Prime Minister Narendra Modi would turn a new page in the history of India’s economic management should he decide to appoint Arvind Panagariya, former chief economist at the Asian Development Bank and current NITI Aayog vice chairman, as the governor of the Reserve Bank of India (RBI) – in place of Raghuram Rajan, who will vacate the position on 4 September.
In the history of India’s economic planning, NITI Aayog – and its forebear Yojana Aayog (Planning Commission) – is considered to be a critical institution, that was created by an executive order and not by law. Yet, it occupies a very exalted position in the government’s scheme of things.
Take for example the important tasks assigned to the NITI Aayog by the Narendra Modi government, since it replaced the Planning Commission. The Aayog, for the first time, has been assigned the task of scrutinising each of the ministries and to periodically analyse their performance, once every three months. Though the practice has just begun in the right earnest, it has already led to discomfiture in many of the ministries in the government.
Some of the Cabinet ministers are not amenable to regular scrutiny, and they find it quite humiliating to be held accountable for their words and promises of progress, made in front of the prime minister.
Additionally, the NITI Aayog’s agenda consists of carrying out major reforms in education, health and other social sectors without going through the formal bureaucratic maze. For instance, Panagariya was made chairman of the innovation committee that approved the Rs 98,000 crore Mumbai-Ahmedabad bullet train project.
Similarly, many education sector reforms – like creating world-class universities by allowing foreign investment in the education sector – are being pushed through the NITI Aayog.
But the most important task assigned to the Aayog is of drafting the vision document for the Indian economy, for the Modi government. The document, that would envisage the planning for a 15-year period, would define long-term goals for the Modi government. Remember that Modi, while scrapping the Planning Commission, had pointed out that the new body would take a long-term view of the Indian economy.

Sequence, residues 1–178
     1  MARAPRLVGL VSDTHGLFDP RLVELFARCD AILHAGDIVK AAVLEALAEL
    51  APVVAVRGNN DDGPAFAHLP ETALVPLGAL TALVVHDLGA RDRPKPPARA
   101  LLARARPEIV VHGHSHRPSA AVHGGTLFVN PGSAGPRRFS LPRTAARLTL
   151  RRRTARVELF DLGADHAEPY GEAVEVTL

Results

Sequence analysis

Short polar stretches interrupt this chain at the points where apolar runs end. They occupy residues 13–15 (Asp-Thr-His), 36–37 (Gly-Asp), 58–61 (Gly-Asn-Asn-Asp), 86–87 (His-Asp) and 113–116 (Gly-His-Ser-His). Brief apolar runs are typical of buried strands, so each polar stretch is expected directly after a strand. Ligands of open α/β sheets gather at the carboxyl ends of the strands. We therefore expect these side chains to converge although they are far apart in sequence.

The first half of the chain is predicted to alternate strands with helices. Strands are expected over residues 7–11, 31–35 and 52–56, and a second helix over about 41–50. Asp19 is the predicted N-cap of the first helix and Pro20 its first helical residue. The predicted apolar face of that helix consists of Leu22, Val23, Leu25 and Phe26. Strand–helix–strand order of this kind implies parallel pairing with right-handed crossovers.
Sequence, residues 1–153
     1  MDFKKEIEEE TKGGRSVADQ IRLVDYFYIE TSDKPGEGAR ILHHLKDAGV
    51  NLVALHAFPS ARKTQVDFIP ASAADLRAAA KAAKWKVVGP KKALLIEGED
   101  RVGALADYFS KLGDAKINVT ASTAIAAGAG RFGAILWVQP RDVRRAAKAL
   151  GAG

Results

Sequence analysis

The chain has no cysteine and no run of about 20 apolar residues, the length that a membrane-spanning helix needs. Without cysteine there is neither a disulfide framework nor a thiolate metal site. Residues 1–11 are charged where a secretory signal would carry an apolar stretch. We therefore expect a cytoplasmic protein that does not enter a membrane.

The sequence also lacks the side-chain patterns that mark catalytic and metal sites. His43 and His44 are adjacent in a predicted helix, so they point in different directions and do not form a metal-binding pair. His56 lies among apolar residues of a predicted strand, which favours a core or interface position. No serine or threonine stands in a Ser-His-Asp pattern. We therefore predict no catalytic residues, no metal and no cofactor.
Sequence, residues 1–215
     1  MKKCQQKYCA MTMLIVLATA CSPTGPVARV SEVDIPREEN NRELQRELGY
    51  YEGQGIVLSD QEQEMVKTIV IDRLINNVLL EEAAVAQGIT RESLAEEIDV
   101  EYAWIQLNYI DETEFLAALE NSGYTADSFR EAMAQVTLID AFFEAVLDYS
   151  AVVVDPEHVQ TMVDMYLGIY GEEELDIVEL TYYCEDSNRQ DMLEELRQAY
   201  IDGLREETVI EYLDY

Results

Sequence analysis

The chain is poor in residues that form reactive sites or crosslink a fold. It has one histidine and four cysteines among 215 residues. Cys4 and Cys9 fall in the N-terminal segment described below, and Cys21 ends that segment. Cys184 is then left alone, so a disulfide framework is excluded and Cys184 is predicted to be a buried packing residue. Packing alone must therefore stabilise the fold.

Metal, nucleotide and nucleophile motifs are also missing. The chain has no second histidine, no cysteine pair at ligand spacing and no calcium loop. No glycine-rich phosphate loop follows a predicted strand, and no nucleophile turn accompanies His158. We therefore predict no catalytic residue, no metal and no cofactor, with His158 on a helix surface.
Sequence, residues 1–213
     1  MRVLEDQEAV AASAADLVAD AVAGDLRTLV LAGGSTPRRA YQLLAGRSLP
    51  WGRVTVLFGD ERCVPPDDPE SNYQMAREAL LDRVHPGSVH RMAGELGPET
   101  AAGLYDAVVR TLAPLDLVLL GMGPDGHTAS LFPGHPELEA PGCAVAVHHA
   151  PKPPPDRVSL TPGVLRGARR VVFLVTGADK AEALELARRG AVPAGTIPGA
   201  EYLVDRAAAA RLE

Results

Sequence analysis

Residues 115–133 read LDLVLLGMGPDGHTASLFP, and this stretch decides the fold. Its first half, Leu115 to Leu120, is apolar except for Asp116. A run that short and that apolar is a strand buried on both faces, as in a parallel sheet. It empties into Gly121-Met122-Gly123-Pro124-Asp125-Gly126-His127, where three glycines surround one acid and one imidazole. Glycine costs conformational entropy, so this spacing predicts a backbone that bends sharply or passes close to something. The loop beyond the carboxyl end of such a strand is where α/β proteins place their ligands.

Those working with NITI Aayog point out that if one were to look at the agenda of the Aayog, it would become clear that Pangariya and his team are veritably up to their necks in responsibilities. But with Amitabh Kant joining as chief executive officer (CEO), at least the implementation of NITI Aayog-induced changes in the policies has been taken care of.
“We have not gathered any sign suggesting a shift for Panagariya, as he is totally engrossed in his work,” a senior official of the Aayog said.
At the same time, there is a hierarchical issue involved in shifting Panagriya from the NITI Aayog to the RBI. If one were to look at the records, the post of vice chairman of the Planning Commission was often held by leaders with formidable reputations.
Pranab Mukherjee in the PV Narasimha Rao government, and KC Pant in the Vajpayee regime – both one of the senior-most ministers in respective cabinets – were regularly invited to attend the cabinet committee on security (CCS), the apex cabinet forum in the government.
Similarly, Montek Singh Ahluwalia was given the status of cabinet minister and had occupied an exalted position from where he could regulate policies. At times, there have been instances in the UPA government when the finance ministry and the planning commission worked at cross-purposes. At such times, the Planning Commission often acted on the PM's behalf to keep a check on the finance ministry.
As of now, all indications suggest that the NITI Aayog has acquired an eminent status in the government, with Panagariya as its head. In the past, there have been instances of ex-RBI governors taking up assignments in the Planning Commission, but never the other way round.
In this context, if the prime minister chooses to shift Panagariya from the NITI Aayog in Delhi to Mint Road in Mumbai, he would not only turn a new leaf but could also expose himself to charges of having a cavalier approach towards the economic vision of the country.
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Updated Date: Jul 13, 2016 11:08:37 IST